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Author: toughasteal

Kate Weber is a woman who dreamed up the concept "tough as teal" while recovering from her own sexual assault in Fall 2015. Teal is the color of Sexual Assault Awareness and Ovarian Cancer (both have effected her in her personal life.)Tough as Teal is a mindset of being strong and a streak she proudly wears in her hair. Her goal is to use her voice, blog, and personal teal streak to broaden awareness of sexual violence. She believes, "you have to make people comfortable with the uncomfortable." Kate is a graduate of Michigan State University and has spent majority of her career working within Higher Education. These areas included the following: off campus and on campus housing, overseeing academic dishonestly, coordinating academic integrity grievances, hearing, and appeals for all colleges at Michigan State University, working with STAR scholarship students, mass training for University employees, managing her own staff of 50-100 students within the Residence Halls, administrative work with the Vice President and Provost's office, devising training curriculum, serving on the Brody Neighborhood Core Team (Engagement Center liason), retention planning, safety and security work and more. Kate's first hand work with student employees, coupled with her own experience as a traditional and non-traditional student put her primary passion to be involved with college students. Statistics show alarming rates of sexual violence on college campuses and Kate passionately continues to advocate to end this statistic. Besides building her own personal toughasteal brand, Kate enjoys public speaking. She has received a national award from Toastmasters International and is putting her talent to work with the Mid-Michigan Survivor's Speaker's Bureau. She has affiliations in Pennsylvania with "Voices of Hope", national organization "Still Standing", and is a guest blogger/podcast participant for Open Thought Vortex (committed to giving a voice to victims.) Kate is planning to further her education by starting her Masters in 2017, she is just debating which program will be the right fit. She is also working on finalizing two other degrees at Michigan State University to become a three time alum. Kate is looking forward to expanding her philanthropic passions to her educational pursuits in the upcoming years. She is available for speaking engagements or you are welcome to connect with her on Twitter @katers513 Her personal interests are running, enjoying the Great Lakes of Michigan, reading, and watching her beloved Spartans in all sports.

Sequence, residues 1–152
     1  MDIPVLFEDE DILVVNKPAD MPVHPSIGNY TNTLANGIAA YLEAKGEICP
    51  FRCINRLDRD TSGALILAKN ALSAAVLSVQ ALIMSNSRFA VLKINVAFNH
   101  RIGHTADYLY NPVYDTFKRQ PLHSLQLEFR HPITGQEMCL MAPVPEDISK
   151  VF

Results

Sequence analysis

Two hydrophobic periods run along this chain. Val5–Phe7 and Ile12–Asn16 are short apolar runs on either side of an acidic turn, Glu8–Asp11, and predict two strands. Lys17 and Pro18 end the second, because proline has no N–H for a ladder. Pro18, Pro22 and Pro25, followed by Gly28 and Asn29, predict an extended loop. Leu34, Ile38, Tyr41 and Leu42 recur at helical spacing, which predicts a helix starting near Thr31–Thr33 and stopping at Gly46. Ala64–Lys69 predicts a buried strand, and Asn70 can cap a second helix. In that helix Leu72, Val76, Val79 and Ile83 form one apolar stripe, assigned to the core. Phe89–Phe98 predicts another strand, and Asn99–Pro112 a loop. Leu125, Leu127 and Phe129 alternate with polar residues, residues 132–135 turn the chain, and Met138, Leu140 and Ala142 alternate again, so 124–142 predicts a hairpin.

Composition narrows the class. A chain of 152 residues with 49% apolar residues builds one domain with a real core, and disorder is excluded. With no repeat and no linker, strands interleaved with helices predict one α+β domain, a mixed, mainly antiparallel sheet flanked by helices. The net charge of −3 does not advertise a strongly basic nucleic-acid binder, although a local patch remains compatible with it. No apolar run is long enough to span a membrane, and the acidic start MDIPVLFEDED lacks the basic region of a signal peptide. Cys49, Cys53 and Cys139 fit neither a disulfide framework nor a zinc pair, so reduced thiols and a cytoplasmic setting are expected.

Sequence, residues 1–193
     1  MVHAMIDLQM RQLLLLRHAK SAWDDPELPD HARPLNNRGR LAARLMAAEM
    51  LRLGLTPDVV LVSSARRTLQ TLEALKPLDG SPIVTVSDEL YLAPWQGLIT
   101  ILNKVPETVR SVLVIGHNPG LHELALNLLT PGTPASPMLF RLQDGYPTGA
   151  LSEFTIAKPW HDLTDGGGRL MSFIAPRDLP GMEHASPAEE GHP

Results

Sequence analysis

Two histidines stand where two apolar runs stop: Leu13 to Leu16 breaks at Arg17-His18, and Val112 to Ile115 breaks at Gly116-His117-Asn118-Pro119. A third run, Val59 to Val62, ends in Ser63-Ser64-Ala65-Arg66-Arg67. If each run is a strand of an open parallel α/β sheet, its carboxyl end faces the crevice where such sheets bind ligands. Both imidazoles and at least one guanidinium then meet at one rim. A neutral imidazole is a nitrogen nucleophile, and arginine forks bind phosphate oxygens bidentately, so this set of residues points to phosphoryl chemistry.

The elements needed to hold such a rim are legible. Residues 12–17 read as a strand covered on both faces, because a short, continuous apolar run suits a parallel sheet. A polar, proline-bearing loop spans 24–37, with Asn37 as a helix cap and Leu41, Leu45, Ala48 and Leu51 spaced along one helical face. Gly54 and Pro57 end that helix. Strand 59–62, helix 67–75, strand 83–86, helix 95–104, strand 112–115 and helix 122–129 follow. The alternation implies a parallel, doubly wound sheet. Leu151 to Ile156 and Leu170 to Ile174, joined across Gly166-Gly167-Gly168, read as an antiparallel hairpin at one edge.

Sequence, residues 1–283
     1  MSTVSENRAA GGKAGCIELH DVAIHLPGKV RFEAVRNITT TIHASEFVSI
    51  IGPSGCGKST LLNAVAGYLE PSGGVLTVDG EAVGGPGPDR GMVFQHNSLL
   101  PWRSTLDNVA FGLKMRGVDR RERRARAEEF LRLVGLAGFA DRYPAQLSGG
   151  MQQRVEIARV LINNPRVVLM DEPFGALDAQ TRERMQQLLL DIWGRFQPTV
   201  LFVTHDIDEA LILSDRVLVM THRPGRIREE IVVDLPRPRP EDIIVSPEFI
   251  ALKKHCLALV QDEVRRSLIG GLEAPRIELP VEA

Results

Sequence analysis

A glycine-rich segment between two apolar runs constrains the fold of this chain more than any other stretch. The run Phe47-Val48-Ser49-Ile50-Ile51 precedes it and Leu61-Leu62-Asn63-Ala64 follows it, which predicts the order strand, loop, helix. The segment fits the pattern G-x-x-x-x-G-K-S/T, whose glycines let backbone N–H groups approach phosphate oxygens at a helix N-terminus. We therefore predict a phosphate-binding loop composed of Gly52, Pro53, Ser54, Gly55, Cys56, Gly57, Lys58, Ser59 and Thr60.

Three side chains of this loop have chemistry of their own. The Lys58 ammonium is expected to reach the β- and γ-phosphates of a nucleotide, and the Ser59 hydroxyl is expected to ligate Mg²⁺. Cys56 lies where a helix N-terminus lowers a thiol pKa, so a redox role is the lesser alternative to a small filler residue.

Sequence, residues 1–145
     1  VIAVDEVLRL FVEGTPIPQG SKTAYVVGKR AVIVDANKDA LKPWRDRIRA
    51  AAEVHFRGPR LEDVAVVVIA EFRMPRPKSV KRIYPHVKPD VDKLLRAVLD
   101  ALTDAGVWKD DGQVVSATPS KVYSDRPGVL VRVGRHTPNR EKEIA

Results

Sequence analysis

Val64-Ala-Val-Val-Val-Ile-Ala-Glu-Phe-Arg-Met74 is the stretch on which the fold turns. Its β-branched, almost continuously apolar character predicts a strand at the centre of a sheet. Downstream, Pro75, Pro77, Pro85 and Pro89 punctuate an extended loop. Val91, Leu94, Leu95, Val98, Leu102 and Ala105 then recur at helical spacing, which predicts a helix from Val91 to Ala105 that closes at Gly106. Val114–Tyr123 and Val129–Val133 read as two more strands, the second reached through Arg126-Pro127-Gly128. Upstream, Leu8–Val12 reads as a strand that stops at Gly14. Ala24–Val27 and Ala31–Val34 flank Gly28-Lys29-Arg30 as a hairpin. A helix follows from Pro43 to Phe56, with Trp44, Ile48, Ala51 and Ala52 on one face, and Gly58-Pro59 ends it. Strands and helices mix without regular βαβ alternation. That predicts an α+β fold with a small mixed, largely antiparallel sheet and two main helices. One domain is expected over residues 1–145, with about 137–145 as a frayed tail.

2 thoughts on “Text Messages, Apathy, & Heartbreak”

  1. So I read this early the other morning and thought about it the whole day up until today. You are 100% right how something such a call, or a text can completely throw you for a 360. You don’t know when they will come, but they do. I know I wish that people wouldn’t judge other people on how they grieve, and if they do judge I feel it’s more because they don’t understand. Through out it all you truly are an inspiring and strong person and I give you so much credit for writing and putting this out there. I only hope that others would gain the knowledge from it to understand.

    Like

    1. Kristine, I really appreciated your heartfelt and thoughtful comment here. I have had some time to think about and reflect upon grief (through my own personal journey) since writing this a few weeks back. I have come to thoughts that as a society; we put boundaries and expectations on grief. I also think there is a type of grief many don’t recognize…that grief is grieving for a part of yourself that you may have lost. I think that we can move on from these life altering things that rock our worlds to the core and do thorw us for those 360 moments; however we may still grieve/yearn for the person we were prior to these events.
      I’m reflecting on this as I’m researching more on PTSD and trying to understand more myself.
      As always, grateful for your listening ear and support!

      Like